ASK A COP — What are the fines for texting while driving in Texas?

Published 12:02 am Tuesday, March 5, 2024

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Karla asks: I have a niece who is addicted to her cellphone. She often sleeps with her cell phone in her hand, and she’s admitted to texting while driving. I must admit it upsets me because I am constantly finding drivers like my niece texting while driving on the roads, which I believe is a very irresponsible and dangerous act to partake in while behind the wheel of any motor vehicle. I’m aware that in Texas, it’s now illegal to text while driving. What exactly is the fine for texting while driving? Can someone be arrested for texting while driving?

Answer: You are so correct to state the danger involved with texting while driving on the roads of Texas, or any road in this matter. Texting while driving is the most dangerous act to partake in while driving, other than sleeping while driving. If that didn’t shake you, the fine involving texting while driving is between $25 to $99, although penalties could be as much as $200 for being convicted prior for texting while driving. It gets even steeper if you cause injury or death because of texting while driving. The fine can range up to $4,000 and up to a year jail. Is that’s not enough to get all of us to put the phone down. Numbers don’t lie. It’s been reported in Texas in 2022 that 486 people were killed and 2,824 persons injured in motor vehicle crashes involving distracted drivers. Texting while driving is illegal and deadly. Stay alive, don’t text and drive. The dangerous part also goes for checking social media accounts, looking at pictures and opening different apps that would cause a distraction while driving with a cellphone in your hand.

Dole asks: I really don’t have a problem with being caught by a police officer for breaking a law while driving. But why do police officers have to hide in order to catch someone? Why can’t officers just be in plain sight to catch someone instead of hiding? I’ve even seen officers on the side of the road at night with their vehicle lights off in attempt to catch speeders, I assume. Is there a course that officers must take in the academy that specializes in hiding to stop violators?

Answer: To be transparent, there are times where police officers don’t need their presence to be publicly known so they can observe violations, as many citizens report them. When we receive a complaint about speeders in neighborhoods or a certain street, the violation occurred without police presence. If you put a marked police unit with a police officer inside, the violations would stop. In order to observe the violators in their normal driving behavior, we like to not be readily visible. There are many instances where officers need to be undercover in order to suppress crimes. I guess that’s a form of hiding, too. Police officers are allowed to have darker tint than other vehicles on the road. That’s a form of hiding, as well. I guess we should have a class specializing in this in the academy, but I’ll assure you at this point we do not (LOL). Hiding in law enforcement is vital, whether it’s for officer safety reasons or to observe violations. Consider this, if you’re not committing a crime, a police officer “hiding” should not be a problem to you. They are looking for someone breaking the law.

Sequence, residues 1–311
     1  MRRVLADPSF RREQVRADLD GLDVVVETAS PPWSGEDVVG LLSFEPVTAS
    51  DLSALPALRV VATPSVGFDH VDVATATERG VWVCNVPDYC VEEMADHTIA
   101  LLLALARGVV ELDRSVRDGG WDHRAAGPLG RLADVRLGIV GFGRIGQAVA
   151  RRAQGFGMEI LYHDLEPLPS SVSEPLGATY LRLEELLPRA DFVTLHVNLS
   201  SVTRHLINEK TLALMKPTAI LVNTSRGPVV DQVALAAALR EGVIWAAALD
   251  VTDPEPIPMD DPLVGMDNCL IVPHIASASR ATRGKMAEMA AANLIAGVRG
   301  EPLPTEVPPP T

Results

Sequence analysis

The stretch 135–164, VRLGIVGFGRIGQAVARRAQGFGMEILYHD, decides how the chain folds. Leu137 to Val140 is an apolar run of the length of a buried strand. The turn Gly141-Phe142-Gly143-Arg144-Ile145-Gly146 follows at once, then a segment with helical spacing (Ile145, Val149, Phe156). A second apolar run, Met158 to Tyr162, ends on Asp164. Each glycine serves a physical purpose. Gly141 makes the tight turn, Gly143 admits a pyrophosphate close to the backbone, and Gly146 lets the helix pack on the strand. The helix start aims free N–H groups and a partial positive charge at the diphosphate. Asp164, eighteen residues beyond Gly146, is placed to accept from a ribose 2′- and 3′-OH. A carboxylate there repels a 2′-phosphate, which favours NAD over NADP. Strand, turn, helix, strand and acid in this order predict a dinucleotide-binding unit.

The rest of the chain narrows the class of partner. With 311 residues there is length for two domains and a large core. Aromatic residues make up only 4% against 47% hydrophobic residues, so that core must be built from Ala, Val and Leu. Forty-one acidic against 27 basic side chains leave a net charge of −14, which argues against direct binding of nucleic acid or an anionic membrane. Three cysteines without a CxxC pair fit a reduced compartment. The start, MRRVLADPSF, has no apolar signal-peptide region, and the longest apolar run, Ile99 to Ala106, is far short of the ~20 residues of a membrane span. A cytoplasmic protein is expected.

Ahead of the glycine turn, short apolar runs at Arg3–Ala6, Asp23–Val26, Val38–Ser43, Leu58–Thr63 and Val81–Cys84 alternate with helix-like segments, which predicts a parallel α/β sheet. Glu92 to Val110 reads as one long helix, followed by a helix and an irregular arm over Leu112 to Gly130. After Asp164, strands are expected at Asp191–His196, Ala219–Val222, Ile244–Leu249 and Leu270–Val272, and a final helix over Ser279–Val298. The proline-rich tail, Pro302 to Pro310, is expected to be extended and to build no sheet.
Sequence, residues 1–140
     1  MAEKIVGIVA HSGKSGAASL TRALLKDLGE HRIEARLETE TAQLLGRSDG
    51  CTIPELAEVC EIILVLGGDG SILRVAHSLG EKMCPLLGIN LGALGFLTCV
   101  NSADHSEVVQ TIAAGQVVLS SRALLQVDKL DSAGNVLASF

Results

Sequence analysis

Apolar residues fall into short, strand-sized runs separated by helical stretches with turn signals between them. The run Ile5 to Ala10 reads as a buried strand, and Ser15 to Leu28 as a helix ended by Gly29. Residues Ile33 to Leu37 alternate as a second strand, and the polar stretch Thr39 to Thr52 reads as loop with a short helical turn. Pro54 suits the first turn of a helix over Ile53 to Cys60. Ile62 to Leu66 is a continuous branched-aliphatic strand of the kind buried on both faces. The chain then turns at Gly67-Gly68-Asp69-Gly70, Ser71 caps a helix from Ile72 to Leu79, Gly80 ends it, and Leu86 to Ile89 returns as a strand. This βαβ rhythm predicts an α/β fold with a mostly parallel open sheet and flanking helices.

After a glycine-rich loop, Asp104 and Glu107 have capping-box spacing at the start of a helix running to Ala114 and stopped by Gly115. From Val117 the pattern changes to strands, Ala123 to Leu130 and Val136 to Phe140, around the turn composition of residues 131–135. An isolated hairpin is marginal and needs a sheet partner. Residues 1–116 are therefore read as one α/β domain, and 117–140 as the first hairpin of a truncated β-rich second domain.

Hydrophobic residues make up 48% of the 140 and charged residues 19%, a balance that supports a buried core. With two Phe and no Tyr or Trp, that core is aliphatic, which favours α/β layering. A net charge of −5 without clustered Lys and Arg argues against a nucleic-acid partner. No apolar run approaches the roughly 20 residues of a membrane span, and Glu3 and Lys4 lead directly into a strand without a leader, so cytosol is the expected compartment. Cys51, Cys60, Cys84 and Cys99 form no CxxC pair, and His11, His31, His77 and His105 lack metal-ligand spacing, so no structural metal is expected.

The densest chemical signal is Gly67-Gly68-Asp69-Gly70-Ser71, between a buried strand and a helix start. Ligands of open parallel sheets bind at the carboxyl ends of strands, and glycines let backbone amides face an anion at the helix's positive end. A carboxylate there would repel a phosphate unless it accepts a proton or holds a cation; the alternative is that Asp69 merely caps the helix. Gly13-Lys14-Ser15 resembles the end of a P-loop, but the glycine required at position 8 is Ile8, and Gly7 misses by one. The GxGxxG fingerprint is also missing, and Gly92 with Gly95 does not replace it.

Lonnie asks: I am now aware we can carry concealed firearms in our vehicles in Texas from an answer you previously provided in your article. Can the weapon have a round or a bullet in the chamber?

Answer: The definition of stupid is the showing of a great lack of intelligence or commonsense. I don’t think there’s anything stupid about you asking a question about whether a firearm that’s concealed in your vehicle can have a bullet in the chamber. The state of Texas allows motorists who are not (1) extra felons, (2) have a weapon in plain sight, (3) a member of an organized gang or (4) not committing a crime higher than class C, to carry weapons in the car. Now to answer your question, yes, the weapon can be loaded with a round or bullet in the chamber. I don’t think I know a criminal who will allow you to have a moment to get your weapon ready to defend yourself. I totally understand the safety aspect but, in my opinion, there is no sense in carrying a weapon for your defense unless it’s ready to defend you in a moment’s notice. 

Join Me, Officer Rickey Antoine and the crew of Stephen “Buzzard Boots” Mosley, Lelo “mouth of Hwy 69/73” I. Washington and Tejas “Lil Man” Morning Star for Ask A Cop live on KSAP 96.9 FM, The Breeze radio station every Tuesday from 1 to 3 p.m. Tune in via the Internet at Call in questions live at 409-982-0247. Email questions to, call 409-983-8673 for voice mail or mail them to 645 4th Street, Port Arthur, Texas, 77640. If you happen to see me in public, you can always approach and “Ask A Cop!”